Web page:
A year in the field: AG photographers on assignment in 2022

A year in the field: AG photographers on assignment in 2022


We send Australia’s most experienced photographers far and wide across our vast nation. These assignments involve months of planning, making contacts and following up leads, regrouping from dead-ends, sorting out permits, often through multiple state departments, and where possible, consultations with First Nations.

Our visual storytellers need to have the survival skills to safely navigate remote locations on their own, to be able to work and file on the hoof, to have the social and emotional intelligence to flesh out the different strands of the story, and make meaningful connections in the field in order to produce work with depth and uncover new angles.

Our photographers can pivot between documenting aerial, video, stills and audio to provide the comprehensive, often sensory, detail that our stories are renowned for. Dean Sewell spent weeks in his swag for us, working on one story that he began more a decade ago. Adam Ferguson travelled thousands of kilometres up the Dingo Fence to Cameron Corner, in the extreme far west corner of NSW, making friends with the people who live their lives along the legendary fence. Annette Ruzicka’s year flew by largely in the field, criss-crossing the country for AG, from WA’s Kimberley to the alpine ranges of Victoria and Southern NSW before heading back to the tropical Top End to observe crocs. James Bugg was given some loose map coordinates to hunt down the most pristine of alpine bogs and Matthew Newton was set loose on one of the toughest and most remote hikes in the country, Southwest NP, Tasmania.

We try to commission experts in their topic areas. Photojournalist Justin Gilligan has documented the ocean’s plastic pollution for years from his home on Lord Howe Island and already knew the key characters in our complex shearwater story. We regularly work with conservation-led photographer Doug Gimesy. A leading voice in the field of environmental photography, he offers an especially clear understanding of how imagery can shift mindsets. Other photographers, such as veteran photojournalist Melanie Faith Dove, were scrambled at a moment’s notice to cover this year’s huge weather events. Randy Larcombe and Emma Phillips were asked to document innovators who have made positive contributions to preserving our natural world.

To all these photographers and the many more we have sent into mines, storms, jungles and on epic treks, or have come to us with their research or passion projects, we thank you for your commitment to telling stories that make us care more for our world.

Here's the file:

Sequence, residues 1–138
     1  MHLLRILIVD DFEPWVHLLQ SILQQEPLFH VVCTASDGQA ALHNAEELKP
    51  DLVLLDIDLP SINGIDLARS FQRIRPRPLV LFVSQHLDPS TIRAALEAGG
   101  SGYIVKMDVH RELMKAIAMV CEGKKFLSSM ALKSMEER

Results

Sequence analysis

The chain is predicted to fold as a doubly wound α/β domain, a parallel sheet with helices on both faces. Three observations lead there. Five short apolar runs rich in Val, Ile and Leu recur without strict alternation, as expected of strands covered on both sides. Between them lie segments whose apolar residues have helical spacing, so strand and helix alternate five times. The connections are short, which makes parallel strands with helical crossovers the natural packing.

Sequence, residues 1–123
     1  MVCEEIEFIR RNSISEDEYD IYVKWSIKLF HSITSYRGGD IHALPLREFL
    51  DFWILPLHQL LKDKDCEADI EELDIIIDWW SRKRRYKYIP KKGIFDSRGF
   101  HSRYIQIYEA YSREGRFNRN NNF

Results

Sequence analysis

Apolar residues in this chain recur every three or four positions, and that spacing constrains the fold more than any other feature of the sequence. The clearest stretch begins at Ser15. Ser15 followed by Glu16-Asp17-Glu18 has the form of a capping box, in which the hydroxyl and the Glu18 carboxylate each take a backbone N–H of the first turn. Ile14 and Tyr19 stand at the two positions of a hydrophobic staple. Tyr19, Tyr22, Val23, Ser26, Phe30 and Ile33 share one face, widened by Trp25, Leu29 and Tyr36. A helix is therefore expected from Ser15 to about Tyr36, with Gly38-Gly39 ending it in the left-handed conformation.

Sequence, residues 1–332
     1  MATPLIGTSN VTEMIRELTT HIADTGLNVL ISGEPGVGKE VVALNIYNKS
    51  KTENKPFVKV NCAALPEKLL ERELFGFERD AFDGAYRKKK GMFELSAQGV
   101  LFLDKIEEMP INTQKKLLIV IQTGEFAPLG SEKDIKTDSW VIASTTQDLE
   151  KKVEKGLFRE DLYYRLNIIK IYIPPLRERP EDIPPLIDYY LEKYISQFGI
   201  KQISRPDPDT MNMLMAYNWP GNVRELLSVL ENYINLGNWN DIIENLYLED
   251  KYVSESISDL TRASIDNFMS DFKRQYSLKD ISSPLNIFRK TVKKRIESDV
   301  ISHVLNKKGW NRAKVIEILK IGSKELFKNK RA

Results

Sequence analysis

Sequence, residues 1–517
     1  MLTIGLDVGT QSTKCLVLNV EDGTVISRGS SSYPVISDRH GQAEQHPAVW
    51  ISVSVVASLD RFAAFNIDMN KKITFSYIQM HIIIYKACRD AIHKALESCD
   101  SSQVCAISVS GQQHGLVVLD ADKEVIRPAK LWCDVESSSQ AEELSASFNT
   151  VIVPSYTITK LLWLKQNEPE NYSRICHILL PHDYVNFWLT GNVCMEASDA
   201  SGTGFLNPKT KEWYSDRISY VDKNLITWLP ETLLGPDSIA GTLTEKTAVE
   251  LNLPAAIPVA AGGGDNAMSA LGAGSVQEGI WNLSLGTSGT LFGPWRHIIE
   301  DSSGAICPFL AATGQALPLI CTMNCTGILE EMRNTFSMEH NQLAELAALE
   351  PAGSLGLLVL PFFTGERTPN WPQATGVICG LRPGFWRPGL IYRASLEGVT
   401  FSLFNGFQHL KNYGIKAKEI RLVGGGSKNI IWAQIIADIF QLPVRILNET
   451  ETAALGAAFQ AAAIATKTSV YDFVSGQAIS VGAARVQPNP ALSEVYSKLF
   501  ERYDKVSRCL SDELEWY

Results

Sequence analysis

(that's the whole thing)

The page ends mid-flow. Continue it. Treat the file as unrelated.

Wildlife photographer Isaac Wishart works barefoot when hunting bioluminescence and glowing fungi. He spent several nights for us in Queensland’s Lamington NP photographing the area’s nocturnal biodiversity. Lamington is one of the few remaining extensive areas of subtropical Gondwanan rainforest anywhere in the world, and this is Isaacs natural home after spending the last eight years as a bush regenerator in the region. Two years of abundant La Nina rains delivered fungi aplenty. Wishart’s image above show a Mycena chloophos fungus glowing green in the rainforest understorey.
In May, recently relocated NYC now Perth-based photographer Finlay Mackay visited drone cinematographer Jaimen Hudson (pictured flying his drone) who despite becoming a quadriplegic in 2008 is a prolific wildlife photographer in Esperance, WA.
On assignment for another story Thomas Wielecki, together with writer Tim the Yowie Man, spotted three little pups in the centre of Gundagai, NSW. The town is known for its iconic Dog on the Tuckerbox statue – located just outside the town on the freeway – but the new litter of puppies scattered across Gundagai was a surprise. According to some business owners, the dog was a little too popular with travellers on the Hume Highway with many stopping for an obligatory photo with the dog and not venturing into town. To solve the problem sculptor Darien Pullen was commissioned in 2021 to create three puppy statues to be placed outside businesses in the main street.
Photographer Randy Larcombe spent a day with AG Society’s Lifetime of Conservation Awardee, ecologist Dr John Wamsley, at his home in the Adelaide Hills. Here John is seen wielding a tool he uses to remove weeds and wears the cat-skin hat he controversially wore to the South Australian Tourism Awards in 1991. John has campaigned for half a century on behalf of the nation’s endangered species. Many of his ideas were vilified by those in government supposedly responsible for conservation but who failed to recognise the urgency of biodiversity decline.
Photographer Matthew Newton undertook the notoriously difficult South Coast Track in Tasmania with writer Elspeth Callendar (pictured) for a story on the privatisation of our wilderness areas. The 84km bush walk between Melaleuca and Cockle Creek is regarded as one of the world’s great ‘wilderness’ walks and requires everyone to carry a full pack of gear, including tent, food and cooking equipment for the duration. Inclement weather means some sections of the track are perpetually wet and muddy with challenging waterway crossings and arduous ascents par for the course. This might change soon now that the area has been earmarked for a string of luxury huts.
Photographer Annette Ruzicka visited the stunning wetlands of the south-western NSW conservation property Gayini, owned by the Nari Nari Tribal Council.
In February and then in March this year Lismore, northern NSW, experienced catastrophic flood events. Four people died and hundreds remain homeless. As a volunteer for Vets with Compassion Melanie Faith Dove was given access to relief centres and shelter to document and assist people with pets who had lost their homes.
Ngiyampaa/Murrawrri and Kooma photographer Melinda Hooper photographed her family for our Deadly Science book series.